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Brooklyn Pol: NYS Should Subsidize E-Bike Purchases to Wean Society Off Cars

Brooklyn Assembly Member Bobby Carroll wants the state to subsidize purchase of e-bikes, like this Wing bike. File photo: Gersh Kuntzman

Check, please!

Brooklyn Assembly Member Bobby Carroll wants the New York State Energy Research and Development Authority to expand its electric car subsidy program to include electric bikes — with the state picking up half the cost of the miracle riding machines up to $1,100.

"The majority of New York City residents don’t own a car, and therefore cannot benefit from the current rebate program," said the Park Slope Democrat. "And this can democratize biking because not everyone is physically up for cycling."

The state's current "Drive Clean" program offers a direct, point-of-sale rebate of up to $2,000 to buyers of electric cars — but the program inexplicably does not include equally greenish electric bikes.

Assembly Member Bobby Carroll. File photo: Clarence Eckerson Jr.

"By offering a rebate, we can remake the existing electric subsidy program into a more progressive version of itself, bringing into the fold an even more affordable and sustainable form of transportation with additional benefits," Carroll told Streetsblog of his bill, which he introduced last week.

Carroll also believes that an e-bike subsidy will make a far greater impact on sales than the e-car subsidy — because $2,000 doesn't go very far when the price of electric cars can easily top $50,000. But halving the price of an electric bike would make the electrified rides affordable to more people. Many models can be obtained for $2,200, earning the full $1,100 rebate, though electric cargo bikes, which truly replace cars, are more expensive.

Studies have shown that the cost of an e-bike is a serious barrier to entry. But other studies show that electric bikes quickly replace car trips because more than 59 percent of auto trips in this country are under six miles, which is right in the wheelhouse of an electric bike.

"A bike with a good basket or two can eliminate the idea that someone needs a car," he said. "And there are going to be a lot of people for another six to nine months who don't want to take the subway. And we can't have a car recovery. We can't say, 'You're scared of the subway? Take a car.' That would be a traffic nightmare."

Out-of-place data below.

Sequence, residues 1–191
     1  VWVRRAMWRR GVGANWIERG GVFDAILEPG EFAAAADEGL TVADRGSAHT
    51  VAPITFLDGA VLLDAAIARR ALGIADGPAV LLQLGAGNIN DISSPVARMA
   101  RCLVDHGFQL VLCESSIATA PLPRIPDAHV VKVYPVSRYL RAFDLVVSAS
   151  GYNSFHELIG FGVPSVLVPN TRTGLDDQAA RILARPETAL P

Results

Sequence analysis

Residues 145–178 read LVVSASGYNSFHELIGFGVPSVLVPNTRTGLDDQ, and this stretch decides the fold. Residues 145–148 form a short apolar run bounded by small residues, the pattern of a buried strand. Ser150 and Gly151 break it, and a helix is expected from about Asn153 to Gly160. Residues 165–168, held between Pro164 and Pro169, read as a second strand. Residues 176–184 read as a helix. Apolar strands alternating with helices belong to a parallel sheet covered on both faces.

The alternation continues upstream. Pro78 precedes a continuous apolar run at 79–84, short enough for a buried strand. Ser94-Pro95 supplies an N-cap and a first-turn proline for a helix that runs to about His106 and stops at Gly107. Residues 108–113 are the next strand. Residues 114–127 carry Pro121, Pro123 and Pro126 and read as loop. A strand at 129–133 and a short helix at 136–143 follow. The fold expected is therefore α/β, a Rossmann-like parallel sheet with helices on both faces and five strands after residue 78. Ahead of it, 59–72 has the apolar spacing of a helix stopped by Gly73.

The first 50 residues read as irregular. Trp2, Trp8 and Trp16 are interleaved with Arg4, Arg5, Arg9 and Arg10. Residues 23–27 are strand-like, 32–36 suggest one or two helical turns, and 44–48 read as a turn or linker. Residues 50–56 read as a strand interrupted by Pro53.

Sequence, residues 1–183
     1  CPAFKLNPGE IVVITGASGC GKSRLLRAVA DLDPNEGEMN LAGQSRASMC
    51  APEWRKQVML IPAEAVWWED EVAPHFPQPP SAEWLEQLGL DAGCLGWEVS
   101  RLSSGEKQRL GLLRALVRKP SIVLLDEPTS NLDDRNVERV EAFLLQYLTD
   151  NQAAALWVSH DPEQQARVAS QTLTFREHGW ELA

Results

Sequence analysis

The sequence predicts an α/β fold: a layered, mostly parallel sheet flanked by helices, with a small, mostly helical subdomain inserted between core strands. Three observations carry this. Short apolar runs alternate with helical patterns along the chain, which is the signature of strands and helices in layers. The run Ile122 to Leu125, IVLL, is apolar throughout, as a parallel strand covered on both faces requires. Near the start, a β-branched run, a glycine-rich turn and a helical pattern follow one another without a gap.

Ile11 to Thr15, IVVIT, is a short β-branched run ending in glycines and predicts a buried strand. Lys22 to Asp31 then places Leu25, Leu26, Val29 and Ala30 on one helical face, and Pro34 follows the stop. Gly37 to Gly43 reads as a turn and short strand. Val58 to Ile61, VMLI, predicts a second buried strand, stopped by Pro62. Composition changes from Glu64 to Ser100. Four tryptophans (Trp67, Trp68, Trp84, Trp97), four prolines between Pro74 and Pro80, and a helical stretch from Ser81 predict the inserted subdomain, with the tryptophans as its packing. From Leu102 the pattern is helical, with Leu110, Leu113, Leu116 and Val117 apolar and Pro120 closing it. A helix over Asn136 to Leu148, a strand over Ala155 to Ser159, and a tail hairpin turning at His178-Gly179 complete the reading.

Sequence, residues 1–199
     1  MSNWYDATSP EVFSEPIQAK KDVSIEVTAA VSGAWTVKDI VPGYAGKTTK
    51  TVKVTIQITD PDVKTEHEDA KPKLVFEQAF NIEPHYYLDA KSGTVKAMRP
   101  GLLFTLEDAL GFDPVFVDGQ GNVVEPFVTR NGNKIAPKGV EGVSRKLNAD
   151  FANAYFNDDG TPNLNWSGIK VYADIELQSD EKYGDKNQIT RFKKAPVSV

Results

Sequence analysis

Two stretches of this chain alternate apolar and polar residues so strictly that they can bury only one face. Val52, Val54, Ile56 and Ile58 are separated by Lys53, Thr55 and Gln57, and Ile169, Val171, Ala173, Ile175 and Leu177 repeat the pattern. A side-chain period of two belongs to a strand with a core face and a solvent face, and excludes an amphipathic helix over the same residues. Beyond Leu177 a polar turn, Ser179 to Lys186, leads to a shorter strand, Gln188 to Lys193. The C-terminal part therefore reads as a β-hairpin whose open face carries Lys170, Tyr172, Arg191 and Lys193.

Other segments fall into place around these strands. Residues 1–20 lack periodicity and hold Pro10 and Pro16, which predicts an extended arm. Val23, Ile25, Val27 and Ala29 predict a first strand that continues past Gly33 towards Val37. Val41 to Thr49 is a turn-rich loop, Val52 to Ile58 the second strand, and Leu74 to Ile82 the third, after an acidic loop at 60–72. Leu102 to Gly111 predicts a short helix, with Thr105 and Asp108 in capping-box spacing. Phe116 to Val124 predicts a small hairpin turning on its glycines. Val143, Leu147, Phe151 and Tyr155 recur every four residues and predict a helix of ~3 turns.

Plus, reminder, we're in a climate crisis and e-bikes are an ideal car replacement technology, as Eben Weiss has pointed out in Outside magazine.

The best part? There's no catch. The existing "Drive Clean" program is fully funded, thanks to a surcharge on Con Ed bills. And the initial lockbox of $55 million for car subsidies still has $13 million in it, Carroll said — and when that's spent, the fund is replenished with more energy bill surcharges.

"So even in these lean budget times, NYSERDA can do this," Carroll said. "They have not been burning through the car portion of the fund and e-bikes would not be so popular to bankrupt the fund."

Many governments subsidizes the purchase of e-bikes. In the Yukon, buyers get $750 (Canadian) towards a new e-bike. And Paris is giving buyers $550 as a subsidy. California runs something of a "cash-for-clunkers" program that subsidizes e-bike purchases when a low-income resident trades in an old car.

Carroll said he worked with the New York chapter of the Democratic Socialists of America, which has been leading on "green New Deal"-type transportation issues.

"For us, this bill is a no-brainer," said Nicole Murray of the DSA. "It's important for delivery workers, who rely on these bikes. But it's not limited to workers; it's for anyone who needs to get around and is not properly served by transit. Everyone should benefit from a subsidy that isn't just for a two-ton vehicle that still needs to be stored somewhere in the city."

Carroll admits that the bill might get some opposition from "people who think e-bikes are dangerous because some people misuse them," he said, but added, "That's the fault of our local Department of Transportation, which has not done enough to redesign our streets so they are safe. Blame the roadway, not the e-bike."

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